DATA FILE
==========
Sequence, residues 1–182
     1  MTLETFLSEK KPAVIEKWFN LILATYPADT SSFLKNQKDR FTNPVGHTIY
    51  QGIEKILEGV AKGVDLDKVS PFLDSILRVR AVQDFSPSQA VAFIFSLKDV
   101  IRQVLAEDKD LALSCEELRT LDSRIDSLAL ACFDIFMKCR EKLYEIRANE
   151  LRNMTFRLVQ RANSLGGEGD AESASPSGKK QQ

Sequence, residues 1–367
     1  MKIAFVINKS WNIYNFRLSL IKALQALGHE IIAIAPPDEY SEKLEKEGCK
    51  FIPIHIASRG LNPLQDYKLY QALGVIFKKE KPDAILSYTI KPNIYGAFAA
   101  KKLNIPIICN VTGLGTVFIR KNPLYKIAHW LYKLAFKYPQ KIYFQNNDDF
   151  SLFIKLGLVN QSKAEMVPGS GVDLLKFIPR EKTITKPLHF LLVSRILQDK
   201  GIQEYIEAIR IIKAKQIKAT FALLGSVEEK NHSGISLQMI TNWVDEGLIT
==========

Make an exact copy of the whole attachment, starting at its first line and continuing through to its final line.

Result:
Sequence, residues 1–182
     1  MTLETFLSEK KPAVIEKWFN LILATYPADT SSFLKNQKDR FTNPVGHTIY
    51  QGIEKILEGV AKGVDLDKVS PFLDSILRVR AVQDFSPSQA VAFIFSLKDV
   101  IRQVLAEDKD LALSCEELRT LDSRIDSLAL ACFDIFMKCR EKLYEIRANE
   151  LRNMTFRLVQ RANSLGGEGD AESASPSGKK QQ

Sequence, residues 1–367
     1  MKIAFVINKS WNIYNFRLSL IKALQALGHE IIAIAPPDEY SEKLEKEGCK
    51  FIPIHIASRG LNPLQDYKLY QALGVIFKKE KPDAILSYTI KPNIYGAFAA
   101  KKLNIPIICN VTGLGTVFIR KNPLYKIAHW LYKLAFKYPQ KIYFQNNDDF
   151  SLFIKLGLVN QSKAEMVPGS GVDLLKFIPR EKTITKPLHF LLVSRILQDK
   201  GIQEYIEAIR IIKAKQIKAT FALLGSVEEK NHSGISLQMI TNWVDEGLIT